I Senator Rand Paul, II L. Gordon Crovitz: Obama finds another way to hurt US: Control our Internet!


I Senator Rand Paul, II L. Gordon Crovitz: Obama finds another way to hurt US: Control our Internet!

Kentucky Senator Rand Paul is circulating a petition calling for the Federal Communications Commission (FCC) to scrap its proposed takeover of the Internet, a plan it will vote on Feb. 26.

Feb  09, 2015
By Nick Sanchez

“An unregulated Internet has been the single greatest catalyst in history for individual liberty and free markets on the planet. It has created the greatest revolution since Henry Ford invented the Model T,” Paul said in a Monday email sponsored by the petitioning organization, Protect Internet Freedom.

“Let’s get this straight — technology has progressed because it has been driven by a free and open Internet — not because of DC bureaucrats. This latest attempt to regulate the web threatens to interrupt that positive innovation, set the market back, and kill jobs.”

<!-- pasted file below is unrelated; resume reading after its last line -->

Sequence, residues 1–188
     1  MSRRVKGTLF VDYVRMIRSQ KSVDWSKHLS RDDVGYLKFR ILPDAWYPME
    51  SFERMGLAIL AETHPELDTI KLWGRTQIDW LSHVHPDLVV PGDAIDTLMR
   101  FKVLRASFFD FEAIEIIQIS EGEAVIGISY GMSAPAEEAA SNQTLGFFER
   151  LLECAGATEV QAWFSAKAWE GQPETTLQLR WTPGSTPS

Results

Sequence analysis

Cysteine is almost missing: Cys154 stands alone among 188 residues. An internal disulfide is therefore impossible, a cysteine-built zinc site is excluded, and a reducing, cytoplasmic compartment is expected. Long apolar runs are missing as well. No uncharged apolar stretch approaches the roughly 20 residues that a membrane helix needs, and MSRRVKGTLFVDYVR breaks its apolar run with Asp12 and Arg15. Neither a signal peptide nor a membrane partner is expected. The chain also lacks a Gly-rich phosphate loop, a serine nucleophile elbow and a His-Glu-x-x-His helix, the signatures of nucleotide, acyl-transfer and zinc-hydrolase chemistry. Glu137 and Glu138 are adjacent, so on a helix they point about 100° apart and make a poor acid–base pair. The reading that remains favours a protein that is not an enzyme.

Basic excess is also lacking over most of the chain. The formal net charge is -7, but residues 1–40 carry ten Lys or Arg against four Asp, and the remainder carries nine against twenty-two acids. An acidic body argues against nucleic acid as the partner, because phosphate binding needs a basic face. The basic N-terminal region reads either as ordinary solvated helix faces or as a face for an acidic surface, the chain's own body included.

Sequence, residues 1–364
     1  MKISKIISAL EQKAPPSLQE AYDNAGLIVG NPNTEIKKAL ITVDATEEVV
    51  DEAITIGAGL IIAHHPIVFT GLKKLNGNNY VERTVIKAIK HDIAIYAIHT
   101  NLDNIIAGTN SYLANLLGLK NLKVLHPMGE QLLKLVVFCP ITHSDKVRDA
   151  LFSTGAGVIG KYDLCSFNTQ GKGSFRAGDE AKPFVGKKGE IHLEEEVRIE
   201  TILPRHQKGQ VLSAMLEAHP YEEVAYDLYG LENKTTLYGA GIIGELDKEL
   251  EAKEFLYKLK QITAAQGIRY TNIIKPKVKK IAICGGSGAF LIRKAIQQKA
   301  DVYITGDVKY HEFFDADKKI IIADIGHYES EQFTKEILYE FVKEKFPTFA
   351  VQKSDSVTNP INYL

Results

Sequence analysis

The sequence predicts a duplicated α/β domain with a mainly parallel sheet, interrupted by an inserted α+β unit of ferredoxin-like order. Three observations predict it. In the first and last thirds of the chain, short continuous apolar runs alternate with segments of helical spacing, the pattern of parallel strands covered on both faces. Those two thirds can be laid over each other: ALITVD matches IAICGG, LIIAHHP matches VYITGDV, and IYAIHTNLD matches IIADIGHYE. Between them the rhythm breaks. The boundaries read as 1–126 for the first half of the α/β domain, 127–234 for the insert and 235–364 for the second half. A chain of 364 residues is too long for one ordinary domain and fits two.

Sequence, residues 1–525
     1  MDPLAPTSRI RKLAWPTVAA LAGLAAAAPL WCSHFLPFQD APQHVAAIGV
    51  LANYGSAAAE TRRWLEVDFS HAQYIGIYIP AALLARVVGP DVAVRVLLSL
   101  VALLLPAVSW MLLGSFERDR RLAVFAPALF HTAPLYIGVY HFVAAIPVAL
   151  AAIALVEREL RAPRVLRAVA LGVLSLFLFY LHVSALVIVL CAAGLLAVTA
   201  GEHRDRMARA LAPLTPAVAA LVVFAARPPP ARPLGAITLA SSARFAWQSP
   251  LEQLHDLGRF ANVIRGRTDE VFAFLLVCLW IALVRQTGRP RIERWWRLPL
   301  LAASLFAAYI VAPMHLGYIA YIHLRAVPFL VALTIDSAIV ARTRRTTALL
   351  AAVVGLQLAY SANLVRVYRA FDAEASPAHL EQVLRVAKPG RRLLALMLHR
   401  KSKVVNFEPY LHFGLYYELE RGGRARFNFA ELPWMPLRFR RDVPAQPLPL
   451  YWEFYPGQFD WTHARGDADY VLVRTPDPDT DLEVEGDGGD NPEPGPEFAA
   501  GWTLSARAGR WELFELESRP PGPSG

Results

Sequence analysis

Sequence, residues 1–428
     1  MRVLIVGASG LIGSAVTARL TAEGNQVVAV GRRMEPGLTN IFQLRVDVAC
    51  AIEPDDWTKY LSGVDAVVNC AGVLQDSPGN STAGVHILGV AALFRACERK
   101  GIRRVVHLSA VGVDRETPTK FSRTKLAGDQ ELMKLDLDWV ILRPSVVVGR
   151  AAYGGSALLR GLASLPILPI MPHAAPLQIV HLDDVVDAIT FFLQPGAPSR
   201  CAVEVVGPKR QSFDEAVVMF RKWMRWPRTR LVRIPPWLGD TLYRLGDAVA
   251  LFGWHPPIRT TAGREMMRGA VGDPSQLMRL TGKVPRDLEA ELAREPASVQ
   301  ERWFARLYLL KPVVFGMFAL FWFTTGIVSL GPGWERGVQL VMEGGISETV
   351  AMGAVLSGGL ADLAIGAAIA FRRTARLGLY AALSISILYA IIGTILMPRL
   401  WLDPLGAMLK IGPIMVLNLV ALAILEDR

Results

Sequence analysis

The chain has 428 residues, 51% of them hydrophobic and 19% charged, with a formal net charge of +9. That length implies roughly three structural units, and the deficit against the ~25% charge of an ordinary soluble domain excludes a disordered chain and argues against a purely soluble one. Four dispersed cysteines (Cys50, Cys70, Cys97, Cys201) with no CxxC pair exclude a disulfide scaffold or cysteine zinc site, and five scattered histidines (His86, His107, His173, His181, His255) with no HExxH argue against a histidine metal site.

Paul has long decried the FCC’s attempts to impose so-called “net neutrality” by regulating the business of Internet service providers (ISPs) like Comcast and AT&T.

The Wall Street Journal reported Sunday that the FCC’s previous attempt to create net neutrality was thwarted by a federal judge in 2010. If passed, the new plan will also be challenged in court by ISPs.

“A barrage of litigation which could well wind up in the Supreme Court is sure to follow,” Peter Karanjia, a former deputy general counsel at the FCC, told The Journal.

In its previous attempt, the FCC’s rule making relied on Congress’ 1996 overhaul of the Communications Act of 1934, whereas the current plan relies on the agency’s Title II authority for its legal underpinnings.

The new plan would classify the Internet as a public utility like railroads or water, however FCC Chairman Tom Wheeler said he won’t enact strict provisions like price controls.

“These attempts to regulate the Internet are a direct attack on the freedom of information and an innovative market. The government needs to stay out of the way,” Paul wrote Monday in response.

The Great Internet Power Grab


The Wall Street Journal, Feb. 8, 2015

Last week Washington abandoned open innovation when the chairman of the Federal Communications Commission yielded to President Obama ’s demands and moved to regulate the freewheeling Internet under the same laws that applied to the Ma Bell monopoly. Unless these reactionary regulations are stopped, they spell the end of the permissionless innovation that built today’s Internet.